CSD brings alleged fraudster's 10-year career to an end

CSD brings alleged fraudster's 10-year career to an end

Thief conned Japanese out of 100m baht, writes Wassayos Ngamkham

After several years of chasing a suspect accused of scamming Japanese businessmen and tourists out of more than 100 million baht, police have arrested alleged serial fraudster, <i>kathoey</i> Uthai Nanthakhan.

Uthai Nanthakhan, 40, told police and the media the details of a con game she said she has used for 10 years to trick Japanese out of huge sums. (Photo by Thanarak Khunton)

A team of Crime Suppression Division (CSD) officers, led by Pol Sgt Maj Yutthaphon Srisomphong — dubbed "Johnny the Buster" — apprehended the 40-year-old Ms Uthai, an Udon Thani native, at an apartment in Sukhumvit Soi 93 in Bang Chak district in late January.

Police received a tip-off the suspect was hiding in the building. They lay in wait for a day at the apartment but Ms Uthai did not appear.

Police decided to ask people who lived in the apartment whether they knew Ms Uthai and showed them her photo.

Police cordoned off the building and finally arrested Ms Uthai after one resident gave them the suspect's room number.

According to the warrant issued by the Bangkok South Criminal Court, charges of theft, illegal detention and credit card fraud are being pressed against Ms Uthai.

Pol Sgt Maj Yutthaphon said Ms Uthai mainly targeted Japanese tourists or businessmen in entertainment or business areas such as Thong Lor, Asok, Ekamai, Nana and Silom.

Ms Uthai approached the Japanese pretending to be a foreign traveller who had lost her wallet. Victims would feel sympathetic and offer her money, but Ms Uthai would not accept. Instead, she would ask victims if it was possible for her family overseas to transfer money to their bank accounts. Only then would she agree to take their money.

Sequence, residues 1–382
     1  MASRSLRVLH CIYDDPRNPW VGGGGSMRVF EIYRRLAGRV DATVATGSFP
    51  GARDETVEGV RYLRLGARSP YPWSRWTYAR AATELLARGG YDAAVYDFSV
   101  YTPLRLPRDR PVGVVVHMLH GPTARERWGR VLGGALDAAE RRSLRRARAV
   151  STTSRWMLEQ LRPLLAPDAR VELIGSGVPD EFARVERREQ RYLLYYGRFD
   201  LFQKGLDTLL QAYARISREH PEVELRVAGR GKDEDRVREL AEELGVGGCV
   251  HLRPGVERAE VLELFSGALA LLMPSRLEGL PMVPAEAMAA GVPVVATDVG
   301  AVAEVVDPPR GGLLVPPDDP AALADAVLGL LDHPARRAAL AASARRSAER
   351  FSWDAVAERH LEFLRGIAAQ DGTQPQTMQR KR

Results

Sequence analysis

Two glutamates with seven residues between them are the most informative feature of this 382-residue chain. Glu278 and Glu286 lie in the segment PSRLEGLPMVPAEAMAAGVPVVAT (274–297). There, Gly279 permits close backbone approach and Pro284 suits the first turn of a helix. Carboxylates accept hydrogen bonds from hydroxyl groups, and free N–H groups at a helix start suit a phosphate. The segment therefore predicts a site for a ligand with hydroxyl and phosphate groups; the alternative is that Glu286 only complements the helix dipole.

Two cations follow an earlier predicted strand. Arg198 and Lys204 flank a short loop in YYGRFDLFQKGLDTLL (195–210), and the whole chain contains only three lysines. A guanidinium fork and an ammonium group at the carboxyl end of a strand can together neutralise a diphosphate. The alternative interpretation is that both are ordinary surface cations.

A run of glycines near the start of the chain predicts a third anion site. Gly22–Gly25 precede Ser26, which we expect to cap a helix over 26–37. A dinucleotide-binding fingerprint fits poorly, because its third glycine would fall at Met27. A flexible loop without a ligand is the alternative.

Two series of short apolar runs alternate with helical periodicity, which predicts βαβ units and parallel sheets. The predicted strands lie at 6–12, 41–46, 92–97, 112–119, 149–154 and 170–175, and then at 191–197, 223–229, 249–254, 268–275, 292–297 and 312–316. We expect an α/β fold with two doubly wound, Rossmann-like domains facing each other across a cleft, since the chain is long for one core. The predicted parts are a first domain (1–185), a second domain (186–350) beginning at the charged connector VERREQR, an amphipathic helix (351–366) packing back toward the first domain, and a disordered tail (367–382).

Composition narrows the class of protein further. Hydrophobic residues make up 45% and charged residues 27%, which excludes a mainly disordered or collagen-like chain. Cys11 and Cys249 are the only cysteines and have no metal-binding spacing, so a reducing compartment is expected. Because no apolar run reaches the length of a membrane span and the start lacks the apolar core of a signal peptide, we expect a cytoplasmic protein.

The suspect would then forge an SMS message to herself, pretending to be a bank, saying her relatives had transferred money to the victims' accounts.

Ms Uthai would tell the victims they would not be able to withdraw the money until it had cleared in the next three or five days.

Victims would believe this and offer money in advance.

Ms Uthai would take the money and her victims would never see her again.

The hunt for Ms Uthai began after the Japanese embassy informed the CSD that a number of Japanese businessmen in Thailand had been conned out of huge sums.

Pol Col Akkaradet Pimolsri, acting commander of the CSD, ordered Pol Lt Col Torsak Sookwimol, acting commander of the CSD's Special Forces Unit, to probe the case.

However, Pol Sgt Maj Yutthaphon stepped forward to handle the case. He had been trying to track down Ms Uthai since 2010 when he was a police investigator at Thong Lor police station.

Ms Uthai slipped through Pol Sgt Maj Yutthaphon's fingers and was later nabbed by the Metropolitan Police Bureau in 2012. She was released the same year after serving eight months behind bars.

Pol Sgt Maj Yutthaphon started to look for clues and witnesses from the Japanese embassy. He found three cases occurred early this year, and 18 cases in 2014.

Most of the Japanese victims did not file complaints with Thai authorities and instead complained to the embassy. Some cases did not receive attention from police and so no warrant was issued for Ms Uthai.  

After piecing the evidence together, he concluded Ms Uthai was responsible for the crimes.

Despite all the information in his possession, Pol Sgt Maj Yutthapon still had to figure out how to nab the suspect as quickly as possible because it would take some time to issue a new warrant.

He started searching criminal records at Thong Lor police station and came across a warrant that had been issued for Ms Uthai in 2005 and used this to nab his suspect.

According to police, Ms Uthai has been committing offences for more than 10 years. She convinced at least 100 Japanese victims to part with about 100 million baht in cash.

Ms Uthai would usually manage to obtain at least 25,000 baht from a victim. However, one victim was reportedly conned out of two million baht. 

In the latest case which occurred on Jan 21, the suspect swindled a Japanese man out of 90,000 baht.

Ms Uthai confessed to police that she targeted the Japanese because she was angry at a Japanese man who had once taken her on holiday to Koh Phi Phi in Krabi and abandoned her. 

She said she would pick businessmen or victims likely to have some business knowledge because they understood more about banking and could understand the money transfer process in her con game.

Pol Lt Col Torsak said he has asked the Japanese embassy to get Ms Uthai's victims to file charges with police. The more cases filed against her, the heavier her sentence will be once convicted. He warned tourists to be cautious and advised them not to lend money to strangers.

Contact Crime Track: crimetrack@bangkokpost.co.th

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